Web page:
Cerus Corp. and partner Baxter Healthcare Corp. stopped a Phase III trial of their pathogen-inactivated red blood cell program.
The companies reached the decision after two study patients developed antibodies to red blood cells treated with S-303, a compound used in the companies' investigational pathogen-inactivation system for red blood cells, Concord, Calif.-based Cerus said in a prepared statement.
Cerus' stock (NASDAQ:CERS) closed Thursday at $5.29, down $2.42, or 31.4 percent.
Cerus and Baxter, of Deerfield, Ill., have worked together for a decade developing the Intercept Blood System for platelets, plasma and red blood cells.
Stephen Isaacs, Cerus' president and CEO, told BioWorld Today the companies have not determined the source of the antibodies in the red blood cell area, cautioning that the findings have nothing to do with the platelet and plasma programs.
"The data is being analyzed right now," he said. "Patient safety is our highest priority, so we felt it was appropriate to voluntarily halt the trial until we get a better understanding of what's going on. We did this as a precautionary action."
He added that none of the trial patients demonstrated clinical adverse events after transfusion with the S-303-treated red blood cells. S-303 is activated by the change in pH created by the introduction of red blood cells into the disposable set.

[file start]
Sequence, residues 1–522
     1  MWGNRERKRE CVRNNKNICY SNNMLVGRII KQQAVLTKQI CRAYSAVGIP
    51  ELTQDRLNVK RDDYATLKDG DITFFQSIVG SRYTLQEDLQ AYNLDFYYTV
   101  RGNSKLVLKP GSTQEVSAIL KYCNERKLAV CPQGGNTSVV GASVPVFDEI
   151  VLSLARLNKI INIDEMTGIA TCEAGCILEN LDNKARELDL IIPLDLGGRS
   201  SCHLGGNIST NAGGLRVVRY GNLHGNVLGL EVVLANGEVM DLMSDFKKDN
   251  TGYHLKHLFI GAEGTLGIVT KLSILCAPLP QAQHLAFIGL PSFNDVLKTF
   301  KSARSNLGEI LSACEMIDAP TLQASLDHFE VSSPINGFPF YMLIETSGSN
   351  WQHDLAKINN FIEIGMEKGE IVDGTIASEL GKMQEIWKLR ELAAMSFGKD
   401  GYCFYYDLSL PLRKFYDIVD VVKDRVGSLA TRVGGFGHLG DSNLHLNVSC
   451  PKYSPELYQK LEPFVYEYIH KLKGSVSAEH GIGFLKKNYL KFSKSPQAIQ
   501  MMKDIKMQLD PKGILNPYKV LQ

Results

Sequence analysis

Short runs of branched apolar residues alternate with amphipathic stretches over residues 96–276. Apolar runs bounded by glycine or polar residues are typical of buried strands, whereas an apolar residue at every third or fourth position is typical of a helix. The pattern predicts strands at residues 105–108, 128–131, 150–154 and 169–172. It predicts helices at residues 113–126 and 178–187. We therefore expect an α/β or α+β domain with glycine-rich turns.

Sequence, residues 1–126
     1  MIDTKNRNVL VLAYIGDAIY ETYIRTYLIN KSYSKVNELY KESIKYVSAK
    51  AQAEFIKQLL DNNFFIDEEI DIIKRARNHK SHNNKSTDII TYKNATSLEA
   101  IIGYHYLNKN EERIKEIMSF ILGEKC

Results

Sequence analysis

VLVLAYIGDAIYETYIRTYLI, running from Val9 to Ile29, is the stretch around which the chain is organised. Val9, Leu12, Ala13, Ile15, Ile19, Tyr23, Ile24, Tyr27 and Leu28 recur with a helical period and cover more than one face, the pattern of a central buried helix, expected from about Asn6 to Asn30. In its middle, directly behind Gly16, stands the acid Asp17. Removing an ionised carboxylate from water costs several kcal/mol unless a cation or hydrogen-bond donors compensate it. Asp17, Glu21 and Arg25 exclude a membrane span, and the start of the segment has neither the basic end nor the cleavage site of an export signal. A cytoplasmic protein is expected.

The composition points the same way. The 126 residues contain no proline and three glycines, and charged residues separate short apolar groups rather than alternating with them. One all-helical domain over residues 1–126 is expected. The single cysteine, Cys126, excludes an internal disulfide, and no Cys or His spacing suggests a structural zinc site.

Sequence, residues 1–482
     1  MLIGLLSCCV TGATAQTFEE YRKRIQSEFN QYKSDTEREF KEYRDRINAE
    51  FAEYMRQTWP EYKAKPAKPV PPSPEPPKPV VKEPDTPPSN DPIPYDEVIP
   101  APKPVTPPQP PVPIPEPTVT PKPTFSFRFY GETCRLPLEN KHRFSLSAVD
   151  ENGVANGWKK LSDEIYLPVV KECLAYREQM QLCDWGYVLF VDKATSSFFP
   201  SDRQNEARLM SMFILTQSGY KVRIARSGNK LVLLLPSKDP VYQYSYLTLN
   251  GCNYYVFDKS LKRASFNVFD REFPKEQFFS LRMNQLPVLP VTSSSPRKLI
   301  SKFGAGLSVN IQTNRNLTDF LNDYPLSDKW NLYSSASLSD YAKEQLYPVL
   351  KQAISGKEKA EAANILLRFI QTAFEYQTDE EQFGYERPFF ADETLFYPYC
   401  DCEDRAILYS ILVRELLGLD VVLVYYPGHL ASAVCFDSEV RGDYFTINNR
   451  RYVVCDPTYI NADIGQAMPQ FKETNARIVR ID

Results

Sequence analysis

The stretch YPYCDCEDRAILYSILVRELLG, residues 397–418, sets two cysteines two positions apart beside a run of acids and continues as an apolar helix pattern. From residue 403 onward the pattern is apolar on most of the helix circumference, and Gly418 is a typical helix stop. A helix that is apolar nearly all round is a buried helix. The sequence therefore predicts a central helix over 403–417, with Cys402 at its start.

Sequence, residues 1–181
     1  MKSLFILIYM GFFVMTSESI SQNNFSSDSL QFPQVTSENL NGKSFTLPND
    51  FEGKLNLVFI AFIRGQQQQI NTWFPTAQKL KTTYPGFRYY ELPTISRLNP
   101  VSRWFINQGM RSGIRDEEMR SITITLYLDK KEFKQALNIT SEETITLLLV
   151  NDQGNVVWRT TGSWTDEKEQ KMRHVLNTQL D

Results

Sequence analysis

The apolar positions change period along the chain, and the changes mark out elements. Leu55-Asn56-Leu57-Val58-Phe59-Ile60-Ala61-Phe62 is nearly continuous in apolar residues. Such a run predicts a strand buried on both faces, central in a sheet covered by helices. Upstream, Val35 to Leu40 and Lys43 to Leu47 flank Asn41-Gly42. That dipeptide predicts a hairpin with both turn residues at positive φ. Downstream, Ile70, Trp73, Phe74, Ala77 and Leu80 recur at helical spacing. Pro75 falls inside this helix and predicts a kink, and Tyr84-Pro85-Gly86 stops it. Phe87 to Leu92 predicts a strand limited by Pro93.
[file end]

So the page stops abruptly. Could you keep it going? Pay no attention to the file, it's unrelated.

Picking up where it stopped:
At this point, Isaacs said, it's too early to say when the trial will resume.
"We had to do a lot of work leading up to the Phase III trial. First, we did a very extensive analysis in animals showing no generation of any type of antibody or response to our treatment process. We did a Phase Ib study in normal volunteers where people were transfused four or five times and there was absolutely no trace of antibodies generated," he said. "Quite frankly, this was an event which the protocol anticipated in terms of detecting it, but we were very surprised to see it happen."
The antibody response was discovered using a standard blood test that was part of the protocol.
The platelet and plasma programs use amotosalen (S-59), which is activated by an ultraviolet light. The platelet program is on the market in Europe and the subject of studies in the U.S.